We are surrounded by models.
When you check the weather forecast in the morning before going to work, you are seeing the result of a model of your local atmosphere. This model is a set of rules and data manipulations built according to past observations of the weather, and refined over many years of testing and evaluation of predictions against actual results. By running current data—like temperature, pressure, humidity, and wind from a variety of locations collected over the past few days or weeks—through this model, you get a resulting prediction about whether it’s going to rain that afternoon.
Similarly, when Facebook recommends “people you might know,” it’s showing you predictions produced by a model of how people have previously used that site (e.g. in the past, how likely was someone to friend a person who has X mutual friends with them?, etc.) and using that past data to predict what might happen next…(1)
But models aren’t only good for trying to predict the future. By using them to predict the past, they can become powerful mechanisms for reasoning about history. In this post, I’ll be introducing some modeling approaches (some aided by machine learning) that historians at the Getty and elsewhere are using to grapple with the past.
The sociologist Joshua Epstein once wrote that we are all modelers already(2). Anyone who suggests what might happen in the future based on what happened in the past holds a model—however informal—of the world in their head. These mental models are replete with rules and assumptions that chart the course between some set of evidence or past observations, and some prediction for the future.
Thus, Epstein argues, the choice for scholars isn’t whether or not to model, but whether or not to do so explicitly by specifying our starting premises along with the rules—whether defined mathematically, or in code—that lead from that starting evidence to our final conclusions. Among other benefits, Epstein shows that explicit model buildings help us form better explanations, discover new questions, and highlight uncertainties and unknowns.
While Epstein was talking about modeling in the context of the social sciences, many historians are beginning to think (once again) about the intersections between modeling and historical thinking and argumentation. Historians create theories to explain the processes that may have produced evidence—whether archeological remains, archival documents, or even works of art—that survives today.
We normally evaluate these kinds of theories through logical reasoning and careful validation against primary sources. A historical theory is good if it makes clear, logical sense and if it fits the available evidence. But the greater the volume of those primary sources, and the more subtle and complicated the phenomenon we are theorizing, the harder it can be to thoroughly evaluate whether a good-sounding theory really is a plausible explanation for past evidence. When evidence is particularly abundant, and the potential process highly complex, it can even be difficult to formulate a theory in the first place.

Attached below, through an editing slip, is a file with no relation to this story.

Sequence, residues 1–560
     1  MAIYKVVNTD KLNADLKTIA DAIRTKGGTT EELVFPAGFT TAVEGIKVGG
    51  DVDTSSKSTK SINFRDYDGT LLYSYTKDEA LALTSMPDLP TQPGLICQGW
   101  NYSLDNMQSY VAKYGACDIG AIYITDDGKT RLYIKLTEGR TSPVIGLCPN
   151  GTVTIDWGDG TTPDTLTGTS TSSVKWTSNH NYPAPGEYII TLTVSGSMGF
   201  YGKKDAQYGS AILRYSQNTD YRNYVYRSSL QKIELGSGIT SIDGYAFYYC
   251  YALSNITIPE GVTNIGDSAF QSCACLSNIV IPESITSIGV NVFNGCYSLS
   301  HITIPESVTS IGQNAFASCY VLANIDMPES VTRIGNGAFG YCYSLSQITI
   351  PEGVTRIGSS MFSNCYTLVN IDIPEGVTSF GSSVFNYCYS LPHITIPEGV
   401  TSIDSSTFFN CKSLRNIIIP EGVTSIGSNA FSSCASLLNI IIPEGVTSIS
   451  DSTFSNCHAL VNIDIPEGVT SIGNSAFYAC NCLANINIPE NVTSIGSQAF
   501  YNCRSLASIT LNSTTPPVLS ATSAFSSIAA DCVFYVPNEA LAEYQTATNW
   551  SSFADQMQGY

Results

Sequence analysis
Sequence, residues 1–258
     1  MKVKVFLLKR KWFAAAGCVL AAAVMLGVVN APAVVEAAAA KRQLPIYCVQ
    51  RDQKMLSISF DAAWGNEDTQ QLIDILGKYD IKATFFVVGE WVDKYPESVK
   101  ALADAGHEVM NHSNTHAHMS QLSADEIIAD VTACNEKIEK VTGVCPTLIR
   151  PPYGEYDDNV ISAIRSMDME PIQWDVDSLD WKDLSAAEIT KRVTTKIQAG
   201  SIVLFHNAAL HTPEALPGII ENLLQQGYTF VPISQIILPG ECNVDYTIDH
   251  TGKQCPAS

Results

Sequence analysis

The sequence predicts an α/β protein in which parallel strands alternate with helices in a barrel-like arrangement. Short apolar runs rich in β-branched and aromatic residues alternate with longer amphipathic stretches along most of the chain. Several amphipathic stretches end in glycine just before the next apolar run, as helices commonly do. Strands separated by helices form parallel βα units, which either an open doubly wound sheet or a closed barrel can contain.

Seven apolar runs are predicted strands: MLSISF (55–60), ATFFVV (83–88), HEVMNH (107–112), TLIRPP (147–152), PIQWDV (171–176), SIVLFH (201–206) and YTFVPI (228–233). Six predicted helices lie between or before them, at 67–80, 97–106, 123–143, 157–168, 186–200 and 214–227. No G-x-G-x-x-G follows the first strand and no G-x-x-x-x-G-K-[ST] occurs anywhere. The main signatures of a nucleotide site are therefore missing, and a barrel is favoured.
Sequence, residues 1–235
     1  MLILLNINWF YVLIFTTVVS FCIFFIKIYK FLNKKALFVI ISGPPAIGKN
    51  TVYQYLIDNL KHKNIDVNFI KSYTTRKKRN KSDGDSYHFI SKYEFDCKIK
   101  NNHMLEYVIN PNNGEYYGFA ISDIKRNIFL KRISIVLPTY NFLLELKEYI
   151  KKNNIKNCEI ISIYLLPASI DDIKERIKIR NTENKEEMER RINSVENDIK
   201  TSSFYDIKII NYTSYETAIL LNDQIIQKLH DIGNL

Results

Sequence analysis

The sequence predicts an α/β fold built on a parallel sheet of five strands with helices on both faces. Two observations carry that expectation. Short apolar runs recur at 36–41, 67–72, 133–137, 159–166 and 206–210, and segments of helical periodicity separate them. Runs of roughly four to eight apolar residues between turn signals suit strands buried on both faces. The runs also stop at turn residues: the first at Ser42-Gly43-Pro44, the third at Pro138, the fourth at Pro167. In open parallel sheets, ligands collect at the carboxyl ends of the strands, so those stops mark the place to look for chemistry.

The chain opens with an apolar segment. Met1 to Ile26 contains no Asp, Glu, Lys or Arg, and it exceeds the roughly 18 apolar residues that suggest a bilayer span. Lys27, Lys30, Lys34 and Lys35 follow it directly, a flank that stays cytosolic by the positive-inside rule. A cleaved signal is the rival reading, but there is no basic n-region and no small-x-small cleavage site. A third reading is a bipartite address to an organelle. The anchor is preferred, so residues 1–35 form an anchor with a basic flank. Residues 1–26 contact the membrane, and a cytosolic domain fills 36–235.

By building data-driven simulations, even highly simplified ones, we have the opportunity to play out these theories and evaluate when they are plausible—that is, when they successfully “predict the past”—and when they fail.(3)
What Makes a Model?
The modeling process comprises three things:
- A lot of data, or observations, of many different variables, that we will use to build and evaluate our model;
- The model itself: a set of rules (sometimes simple, sometimes fiendishly complex) that take those observations as input and compute on them; and
- An output, whether it’s a list of suggested friends, the chance of rain during your lunch hour, or a judgment as to how risky your home loan application is.
Let’s look at two examples of a model. The first, and most fun one, is Parable of the Polygons, developed by Vi Hart and Nicky Case based on a longstanding sociological model published by Thomas Schelling in 1971.
This interactive site walks you through some increasingly complex models, or simulations, of social segregation. In this model the inputs are the two population sizes of squares and triangles. The rules: What percentage of neighbors of a common type am I happy living near? What percentage of a different type am I unhappy living near, and which will cause me to move? This model simulates how such a system will evolve over time. Its output, or prediction, is the resulting community-wide level of segregation after some set number of rounds.
The “Polygons” model provides some powerful insights that we might not have expected: Even if each individual only has a very slight bias toward having similar neighbors, the resulting society will rapidly segregate itself. Moreover, an already-segregated society will not suddenly reintegrate if you simply eliminate that bias. Individuals must actively seek diversity in order to produce a more equal society.
Here at the Getty, data-based modeling is also promising to aid the way we think about the history of collecting and the art market. I and my collaborators Sandra van Ginhoven and Christian Huemer are working on models that try to illuminate the kinds of risks that the New York dealer M. Knoedler & Co. faced when deciding to purchase an artwork, and how Knoedler may have managed that risk. Art dealing is a risky business, with few hard and fast rules. Yet, to succeed as a business, Knoedler had to have some feeling for whether some combination of a given artwork, seller history, joint ownership agreement, or buyer lead would give them a better or worse chance of turning a profit. Even in the face of a complex and difficult-to-predict market, what properties had the biggest effect on chance to make a profit?